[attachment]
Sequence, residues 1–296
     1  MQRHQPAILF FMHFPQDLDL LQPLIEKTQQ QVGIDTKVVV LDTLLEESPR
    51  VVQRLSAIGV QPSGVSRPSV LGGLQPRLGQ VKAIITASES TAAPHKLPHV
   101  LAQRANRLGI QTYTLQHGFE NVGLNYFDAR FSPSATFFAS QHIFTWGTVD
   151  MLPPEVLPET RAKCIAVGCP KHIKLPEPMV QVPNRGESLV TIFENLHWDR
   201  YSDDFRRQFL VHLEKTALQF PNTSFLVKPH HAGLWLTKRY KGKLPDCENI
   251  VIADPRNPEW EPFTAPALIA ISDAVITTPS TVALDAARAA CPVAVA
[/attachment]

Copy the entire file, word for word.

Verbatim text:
Sequence, residues 1–296
     1  MQRHQPAILF FMHFPQDLDL LQPLIEKTQQ QVGIDTKVVV LDTLLEESPR
    51  VVQRLSAIGV QPSGVSRPSV LGGLQPRLGQ VKAIITASES TAAPHKLPHV
   101  LAQRANRLGI QTYTLQHGFE NVGLNYFDAR FSPSATFFAS QHIFTWGTVD
   151  MLPPEVLPET RAKCIAVGCP KHIKLPEPMV QVPNRGESLV TIFENLHWDR
   201  YSDDFRRQFL VHLEKTALQF PNTSFLVKPH HAGLWLTKRY KGKLPDCENI
   251  VIADPRNPEW EPFTAPALIA ISDAVITTPS TVALDAARAA CPVAVA